Obituary: Paul ‘Pete’ Dye Jr.

By Brian Biggane

GULF STREAM — Pete Dye, a longtime Gulf Stream resident who along with his wife, Alice, designed some of the world’s most iconic golf courses, died Jan. 9 in the Dominican Republic, where he had a home. He was 94.
7960930265?profile=originalMr. Dye and Alice, who died last February at age 91, split time for many years between their modest residence in Gulf Stream and a home in Indiana.
Gulf Stream Town Commissioner Paul Lyons, a Polo Drive neighbor of Mr. Dye, noted his death at the Jan. 10 commission meeting. “He’ll be genuinely missed,” Lyons said. “I consider myself fortunate to be in a community with such great people.”
Mr. Dye was a member of Gulf Stream Golf Club and served on its Greens Committee for many years. The club issued a statement: “Mr. Dye was a longtime honored member of Gulf Stream Golf Club who did a wonderful job renovating the golf course in 2012-13.”
Mr. Dye designed more than 100 courses around the world. In South Florida his credits include Delray Dunes in Delray Beach, Palm Beach Polo in Wellington, Dye Preserve in Jupiter, Loblolly Pines in Hobe Sound, and the Dye course at PGA Golf Club in Port St. Lucie.
His crowning achievement may be TPC Sawgrass in Ponte Vedra Beach, home of The Players Championship and best-known for its island green on the 17th hole.
Born Dec. 29, 1925, in Urbana, Ohio, Paul “Pete” Dye Jr. was traveling with his family as a young boy when their car broke down. While waiting for repairs, his father, Paul, wandered to a nine-hole course nearby, hit some shots and fell in love with the game. He built his own nine-hole course in Urbana, and Pete spent much of his childhood working and playing there.
Mr. Dye became a top amateur player, winning the state high school championship and medaling in the state amateur championship before joining the military at age 18. He was stationed at Fort Bragg in North Carolina, where he got to know famed designer Donald Ross, who had crafted courses at nearby Pinehurst.
Mr. Dye enrolled at Rollins College in Winter Park following his discharge and met Alice Holliday O’Neal, who would become his wife in 1950. He sold insurance for a time, becoming a million-dollar salesman before he and Alice turned their attention to golf course design in 1961.
After some modest successes, they accepted an offer to work on a tract of land near Indianapolis that became Crooked Stick Golf Club, which was completed in 1967 and hosted the PGA Championship in 1991 and the U.S. Women’s Open in 1993.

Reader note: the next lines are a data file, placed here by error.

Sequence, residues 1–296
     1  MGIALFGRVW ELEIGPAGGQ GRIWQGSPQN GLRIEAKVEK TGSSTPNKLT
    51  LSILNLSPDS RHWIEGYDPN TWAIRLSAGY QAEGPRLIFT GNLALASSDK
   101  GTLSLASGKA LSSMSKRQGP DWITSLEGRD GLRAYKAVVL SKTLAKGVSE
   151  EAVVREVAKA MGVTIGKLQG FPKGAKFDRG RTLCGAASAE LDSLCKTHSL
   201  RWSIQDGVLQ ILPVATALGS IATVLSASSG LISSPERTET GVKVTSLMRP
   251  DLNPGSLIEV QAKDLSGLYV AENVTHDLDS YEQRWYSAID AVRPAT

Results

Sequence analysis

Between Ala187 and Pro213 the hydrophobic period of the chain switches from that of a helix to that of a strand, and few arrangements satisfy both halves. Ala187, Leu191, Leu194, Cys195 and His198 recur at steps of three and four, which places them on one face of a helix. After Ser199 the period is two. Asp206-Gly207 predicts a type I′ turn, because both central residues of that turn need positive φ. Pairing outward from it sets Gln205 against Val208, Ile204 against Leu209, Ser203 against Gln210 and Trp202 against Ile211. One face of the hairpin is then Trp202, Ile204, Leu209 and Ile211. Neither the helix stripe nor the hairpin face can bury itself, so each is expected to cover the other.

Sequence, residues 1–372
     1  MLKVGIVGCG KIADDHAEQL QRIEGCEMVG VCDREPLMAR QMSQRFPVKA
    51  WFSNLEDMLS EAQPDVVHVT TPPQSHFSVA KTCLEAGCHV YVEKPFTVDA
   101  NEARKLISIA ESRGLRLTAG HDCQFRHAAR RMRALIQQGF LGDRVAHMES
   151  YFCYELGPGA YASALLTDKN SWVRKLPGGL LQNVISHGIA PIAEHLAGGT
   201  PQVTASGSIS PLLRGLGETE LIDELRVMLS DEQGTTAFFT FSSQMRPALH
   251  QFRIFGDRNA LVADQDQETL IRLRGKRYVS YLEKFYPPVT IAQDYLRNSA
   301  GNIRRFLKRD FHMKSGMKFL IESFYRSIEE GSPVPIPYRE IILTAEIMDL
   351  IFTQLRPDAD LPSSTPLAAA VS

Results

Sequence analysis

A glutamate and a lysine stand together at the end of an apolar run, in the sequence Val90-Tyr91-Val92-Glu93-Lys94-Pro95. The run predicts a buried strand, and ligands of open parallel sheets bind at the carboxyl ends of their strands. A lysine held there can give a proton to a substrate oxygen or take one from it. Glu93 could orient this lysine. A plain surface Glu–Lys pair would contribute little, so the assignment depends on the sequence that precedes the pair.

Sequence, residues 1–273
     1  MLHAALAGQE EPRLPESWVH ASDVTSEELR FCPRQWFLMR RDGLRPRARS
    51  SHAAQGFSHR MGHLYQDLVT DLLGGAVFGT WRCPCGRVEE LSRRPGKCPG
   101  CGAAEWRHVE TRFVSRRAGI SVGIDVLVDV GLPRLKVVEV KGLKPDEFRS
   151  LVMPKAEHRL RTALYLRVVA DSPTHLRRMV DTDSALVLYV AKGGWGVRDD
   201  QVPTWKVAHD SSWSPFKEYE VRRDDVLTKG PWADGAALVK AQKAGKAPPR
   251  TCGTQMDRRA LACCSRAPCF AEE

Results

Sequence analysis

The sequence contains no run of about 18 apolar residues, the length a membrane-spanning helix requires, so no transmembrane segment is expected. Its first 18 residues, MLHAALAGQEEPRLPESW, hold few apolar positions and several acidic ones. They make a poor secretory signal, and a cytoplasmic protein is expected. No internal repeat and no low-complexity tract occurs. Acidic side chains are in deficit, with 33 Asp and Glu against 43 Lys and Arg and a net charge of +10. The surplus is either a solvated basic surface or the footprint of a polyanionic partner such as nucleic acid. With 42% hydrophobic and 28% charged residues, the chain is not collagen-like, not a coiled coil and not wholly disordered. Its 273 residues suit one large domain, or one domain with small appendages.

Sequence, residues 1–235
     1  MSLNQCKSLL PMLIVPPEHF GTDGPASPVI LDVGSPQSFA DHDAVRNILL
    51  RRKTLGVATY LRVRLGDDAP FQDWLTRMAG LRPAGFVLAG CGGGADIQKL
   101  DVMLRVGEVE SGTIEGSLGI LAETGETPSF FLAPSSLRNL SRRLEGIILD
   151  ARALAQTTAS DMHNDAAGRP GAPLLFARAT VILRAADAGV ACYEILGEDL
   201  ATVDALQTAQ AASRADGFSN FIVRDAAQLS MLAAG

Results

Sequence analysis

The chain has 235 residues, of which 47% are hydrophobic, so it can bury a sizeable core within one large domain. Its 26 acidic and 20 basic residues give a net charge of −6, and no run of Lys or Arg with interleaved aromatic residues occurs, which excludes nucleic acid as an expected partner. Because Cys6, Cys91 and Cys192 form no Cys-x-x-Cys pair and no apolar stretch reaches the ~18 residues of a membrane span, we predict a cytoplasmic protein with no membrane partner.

Soon afterward, Jack Nicklaus, then in his late 20s, received an offer to design a course in Hilton Head, S.C., and asked Mr. Dye for help. The two teamed up and produced Harbour Town Golf Links, which became and remains an annual mid-April stop on the PGA Tour.
Nicklaus has always credited Mr. Dye with his help in getting started in the design business and was profuse in his praise on Twitter the day of his death.
“It was Pete who inspired me to start designing courses more than 50 years ago, and in so many ways I owe my second career to him,” Nicklaus wrote. “Dye was the most creative, imaginative and unconventional golf course designer I have ever been around.”
Mr. Dye was unique in the business for never taking pen to paper in the design process, sometimes sketching an idea on a napkin and then getting his hands dirty — often driving a backhoe or an earthmover himself — to get the job done.
A major influence occurred in 1963 when he was in England to play in the British Amateur. He and Alice took the opportunity afterward to visit courses there and in Scotland and drew inspiration from famed designer Alister MacKenzie, incorporating railroad ties, pot bunkers and small greens in future designs.
Said NBC commentator Mark Rolfing: “His design legacy reminds me of Arnold Palmer’s golfing career: unique, authentic, willing to take bold chances. And, with credit to his beloved wife and partner, Alice, he never deviated from his identity.”
Inducted into the World Golf Hall of Fame in 2008, the unassuming, amiable Mr. Dye spent much of his time in his later years in Gulf Stream with his succession of dogs, all named Sixty, named for how much it cost him and Alice to buy the original, a German shepherd, along with a collar and leash.
Recalled Lyons, the Gulf Stream commissioner: “I’m sure that many who have been here recall Pete, in the old days he would be walking Sixty, his white dog, down the street, and he did it twice a day to the golf course and he’d walk the golf course. And then later on he’d be in the golf cart with Sixty and he’d be all wrapped up.
“He was an iconic gentleman who excelled at something he loved, (and) that was designing golf courses. But what he really did wasn’t design golf courses, he loved moving dirt! And that’s really what he did. He understood how to move dirt on a golf course to make it an experience.”
Mr. Dye was also preceded in death by his brother Roy and sister Ann Doss. He is survived by sons Perry (Ann) of Colorado and P.B. (Jean) of Ohio, both successful golf architects carrying on the family tradition. Like their parents, they are members of the American Society of Golf Course Architects.
Also surviving are two granddaughters, Lucy Dye (Erik) Bowman and Lilly Dye (Ross) Harmon, and two great-grandchildren, Brooks and Margaret Harmon.
In lieu of flowers, donations may be made to International Circle of Friends Inc., 12012 South Shore Blvd., Suite 208, Wellington, FL 33414 (www.internationalcircle.org).
A celebration of life will be held at Crooked Stick Golf Club in Carmel, Indiana, on May 28.

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